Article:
Monday, January 28, 2013

Court Rules NLRB Appointments Unlawful, Calls Into Question 200 Decisions

In Noel Canning v. National Labor Relations Board (D.C. Cir., Jan. 25, 2013, 12-1115) 2013 WL 276024, the Court of Appeals for the D.C. Circuit ruled President Obama's January 4, 2012 recess appointments to the National Labor Relations Board were unconstitutional.   As a result, the NLRB's decisions since that time are now being called into question and may be unenforceable.  

The Recess Appointments Clause is part of the federal Constitution.  It says, "The President shall have power to fill up all Vacancies that may happen during the Recess of the Senate, by granting Commissions which shall expire at the End of their next Session."  This case was about what counts as "the Recess of the Senate" and what does not, with the President arguing the Senate was in recess on January 4, 2012 and the petitioner arguing it was not.  Ultimately, the Court decided the Senate was not recess, reasoning that "The Recess" means only breaks between official sessions of Congress and not other breaks during a session.  As a result, the Court found the Senate was not in recess on January 4, 2012 and the President's appointments to NLRB are therefore invalid.

The affects of the decision on unclear.  The NLRB's official position is that the ruling only applies in one case.  However, others believe it calls into question most of the NLRB's 2012 decisions, including several involving social media.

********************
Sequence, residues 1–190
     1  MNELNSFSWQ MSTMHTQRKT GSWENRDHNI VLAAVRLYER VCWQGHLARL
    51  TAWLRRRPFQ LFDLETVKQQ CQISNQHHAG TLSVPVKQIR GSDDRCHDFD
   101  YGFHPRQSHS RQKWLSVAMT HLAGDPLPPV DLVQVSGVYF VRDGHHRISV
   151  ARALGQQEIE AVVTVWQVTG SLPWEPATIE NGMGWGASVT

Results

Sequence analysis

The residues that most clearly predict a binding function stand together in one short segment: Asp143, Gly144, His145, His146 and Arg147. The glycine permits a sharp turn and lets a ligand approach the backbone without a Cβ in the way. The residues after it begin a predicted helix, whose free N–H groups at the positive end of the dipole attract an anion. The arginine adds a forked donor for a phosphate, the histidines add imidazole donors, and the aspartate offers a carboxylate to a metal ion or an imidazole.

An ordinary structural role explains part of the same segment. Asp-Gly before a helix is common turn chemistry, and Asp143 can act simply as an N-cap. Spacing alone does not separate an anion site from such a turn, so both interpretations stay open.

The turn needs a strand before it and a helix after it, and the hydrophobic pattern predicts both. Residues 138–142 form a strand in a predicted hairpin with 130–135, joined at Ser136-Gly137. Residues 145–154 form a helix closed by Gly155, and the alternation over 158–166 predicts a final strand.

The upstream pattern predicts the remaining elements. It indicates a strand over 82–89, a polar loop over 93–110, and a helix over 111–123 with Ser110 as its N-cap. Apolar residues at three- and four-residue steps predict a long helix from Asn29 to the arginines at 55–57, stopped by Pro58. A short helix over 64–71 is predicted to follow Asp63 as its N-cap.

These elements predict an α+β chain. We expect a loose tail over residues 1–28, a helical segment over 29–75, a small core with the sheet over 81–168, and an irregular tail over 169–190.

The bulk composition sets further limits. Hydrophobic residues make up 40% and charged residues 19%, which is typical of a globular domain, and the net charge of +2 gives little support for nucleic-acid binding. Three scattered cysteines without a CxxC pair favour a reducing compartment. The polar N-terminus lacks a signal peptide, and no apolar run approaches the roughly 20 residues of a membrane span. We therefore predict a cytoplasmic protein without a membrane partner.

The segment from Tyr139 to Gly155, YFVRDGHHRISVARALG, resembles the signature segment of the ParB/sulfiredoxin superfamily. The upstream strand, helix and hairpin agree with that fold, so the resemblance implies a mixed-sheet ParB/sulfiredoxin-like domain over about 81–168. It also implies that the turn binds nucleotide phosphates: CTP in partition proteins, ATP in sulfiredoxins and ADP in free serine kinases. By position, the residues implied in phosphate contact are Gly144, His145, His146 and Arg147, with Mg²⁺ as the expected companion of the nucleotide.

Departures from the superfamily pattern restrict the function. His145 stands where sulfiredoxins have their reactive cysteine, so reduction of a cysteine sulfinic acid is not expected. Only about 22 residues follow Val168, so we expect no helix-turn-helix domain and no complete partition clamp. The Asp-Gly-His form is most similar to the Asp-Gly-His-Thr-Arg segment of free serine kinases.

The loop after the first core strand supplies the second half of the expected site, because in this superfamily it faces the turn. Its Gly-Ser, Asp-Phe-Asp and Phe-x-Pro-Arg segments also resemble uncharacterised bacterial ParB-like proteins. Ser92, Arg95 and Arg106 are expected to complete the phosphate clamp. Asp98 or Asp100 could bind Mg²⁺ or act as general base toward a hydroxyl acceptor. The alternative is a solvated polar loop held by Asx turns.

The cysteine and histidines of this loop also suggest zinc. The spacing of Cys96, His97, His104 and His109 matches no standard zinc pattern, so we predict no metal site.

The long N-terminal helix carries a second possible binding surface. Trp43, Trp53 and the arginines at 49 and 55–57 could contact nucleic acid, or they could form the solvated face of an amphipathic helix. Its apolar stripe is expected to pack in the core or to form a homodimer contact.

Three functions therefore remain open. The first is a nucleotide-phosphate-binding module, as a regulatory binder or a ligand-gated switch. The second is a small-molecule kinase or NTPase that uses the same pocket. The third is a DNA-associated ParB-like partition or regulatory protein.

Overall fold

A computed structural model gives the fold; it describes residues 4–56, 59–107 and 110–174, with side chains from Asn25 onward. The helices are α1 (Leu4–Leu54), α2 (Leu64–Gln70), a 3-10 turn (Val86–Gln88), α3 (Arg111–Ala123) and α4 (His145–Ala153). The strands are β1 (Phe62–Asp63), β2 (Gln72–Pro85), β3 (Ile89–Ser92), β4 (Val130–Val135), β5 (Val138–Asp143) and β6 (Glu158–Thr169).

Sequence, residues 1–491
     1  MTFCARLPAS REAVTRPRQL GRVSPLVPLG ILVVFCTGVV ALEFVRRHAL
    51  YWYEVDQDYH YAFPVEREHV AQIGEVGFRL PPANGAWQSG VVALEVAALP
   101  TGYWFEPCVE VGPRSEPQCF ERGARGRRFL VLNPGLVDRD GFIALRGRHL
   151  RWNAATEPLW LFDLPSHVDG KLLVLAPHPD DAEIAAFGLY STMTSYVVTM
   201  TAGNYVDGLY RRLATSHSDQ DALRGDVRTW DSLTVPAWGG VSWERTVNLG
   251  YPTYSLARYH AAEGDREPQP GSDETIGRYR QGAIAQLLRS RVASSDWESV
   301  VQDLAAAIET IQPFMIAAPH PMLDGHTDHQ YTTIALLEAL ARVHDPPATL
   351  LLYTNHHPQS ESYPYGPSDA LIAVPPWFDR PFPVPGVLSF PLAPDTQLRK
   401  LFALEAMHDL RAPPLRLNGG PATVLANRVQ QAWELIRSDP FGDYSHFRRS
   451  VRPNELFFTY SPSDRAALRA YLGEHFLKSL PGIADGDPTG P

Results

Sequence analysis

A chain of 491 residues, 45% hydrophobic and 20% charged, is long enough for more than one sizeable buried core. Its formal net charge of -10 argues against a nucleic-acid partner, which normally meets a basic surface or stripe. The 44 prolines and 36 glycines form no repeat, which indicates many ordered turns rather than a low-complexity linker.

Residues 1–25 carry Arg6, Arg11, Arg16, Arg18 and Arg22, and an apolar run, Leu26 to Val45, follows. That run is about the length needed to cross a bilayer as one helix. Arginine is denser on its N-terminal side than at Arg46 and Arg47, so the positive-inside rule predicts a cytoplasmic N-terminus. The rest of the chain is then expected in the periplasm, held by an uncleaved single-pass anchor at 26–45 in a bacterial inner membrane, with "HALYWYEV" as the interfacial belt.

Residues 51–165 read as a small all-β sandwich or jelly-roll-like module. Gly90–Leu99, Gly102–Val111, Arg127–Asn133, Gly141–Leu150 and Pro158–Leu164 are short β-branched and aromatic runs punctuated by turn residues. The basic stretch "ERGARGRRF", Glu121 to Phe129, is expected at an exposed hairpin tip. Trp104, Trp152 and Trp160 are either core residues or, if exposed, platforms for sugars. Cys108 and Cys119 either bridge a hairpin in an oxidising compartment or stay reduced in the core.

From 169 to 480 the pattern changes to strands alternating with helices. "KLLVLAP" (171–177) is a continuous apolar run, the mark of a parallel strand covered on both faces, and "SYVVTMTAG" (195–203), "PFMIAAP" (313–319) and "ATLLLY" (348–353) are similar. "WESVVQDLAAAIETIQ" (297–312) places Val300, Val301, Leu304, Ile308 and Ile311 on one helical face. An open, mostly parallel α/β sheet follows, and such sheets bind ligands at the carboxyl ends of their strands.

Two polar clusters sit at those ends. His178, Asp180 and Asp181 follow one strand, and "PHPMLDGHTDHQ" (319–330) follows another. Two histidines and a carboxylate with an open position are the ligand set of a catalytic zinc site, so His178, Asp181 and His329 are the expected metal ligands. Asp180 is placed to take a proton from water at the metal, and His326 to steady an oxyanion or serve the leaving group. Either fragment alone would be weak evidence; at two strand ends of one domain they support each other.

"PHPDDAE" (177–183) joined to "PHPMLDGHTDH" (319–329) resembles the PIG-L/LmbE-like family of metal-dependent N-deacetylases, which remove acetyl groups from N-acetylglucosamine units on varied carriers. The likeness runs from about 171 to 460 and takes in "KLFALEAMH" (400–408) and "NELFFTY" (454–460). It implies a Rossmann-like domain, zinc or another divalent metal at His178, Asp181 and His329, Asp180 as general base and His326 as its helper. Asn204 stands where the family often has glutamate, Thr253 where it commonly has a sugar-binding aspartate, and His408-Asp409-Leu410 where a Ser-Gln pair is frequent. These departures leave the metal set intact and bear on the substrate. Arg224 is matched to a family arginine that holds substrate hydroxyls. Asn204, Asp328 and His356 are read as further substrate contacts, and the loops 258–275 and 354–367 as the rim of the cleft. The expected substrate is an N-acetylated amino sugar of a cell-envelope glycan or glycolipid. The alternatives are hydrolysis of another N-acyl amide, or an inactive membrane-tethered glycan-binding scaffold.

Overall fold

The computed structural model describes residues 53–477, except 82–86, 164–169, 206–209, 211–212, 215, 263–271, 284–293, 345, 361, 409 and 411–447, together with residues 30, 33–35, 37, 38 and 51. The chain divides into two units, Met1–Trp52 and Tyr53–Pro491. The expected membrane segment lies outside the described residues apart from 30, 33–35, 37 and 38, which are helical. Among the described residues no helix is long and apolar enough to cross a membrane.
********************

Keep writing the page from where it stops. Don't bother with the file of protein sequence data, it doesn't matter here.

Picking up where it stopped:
Monday, January 21, 2013

PERB Reaffirms Employers Must Negotiate Number of Affected Employees in Layoffs

In Salinas Valley Memorial Healthcare System (2012) PERB Dec. No. 2298-M, the Public Employment Relations Board reaffirmed and elaborated about employers' duty to negotiate with unions about layoffs related to labor costs.

PERB has held employers do not have to negotiate about the decision to layoff.  However, employers still have a duty to meet and confer with unions about the implementation, impacts, and effects of a layoff.  Some of the established layoff effects are post-layoff workload and safety and conditions of remaining employees.  This case clarifies what counts as implementation and impacts that the employer must meet and confer about.

Here, the employer initially said it wanted to layoff 79 people "at the end of the year."  The union demanded to meet and confer over the timing, number, identity of the employees to be laid off.  The employer claimed it did not have to meet and confer about those details, asserting a "management prerogative."  PERB rejected that claim.  PERB explained "the implementation (timing of the layoff, and the number and identity of  employees to be laid off) and the impact and effects on remaining employees, including workload and safety, were mandatory subjects for meeting and conferring prior to the implementation of the layoff."  As a result, PERB decided the union stated a prima facie case for an unfair labor practice.

Tuesday, January 15, 2013

CalPERS Sees Huge 13.3% Increase is Assets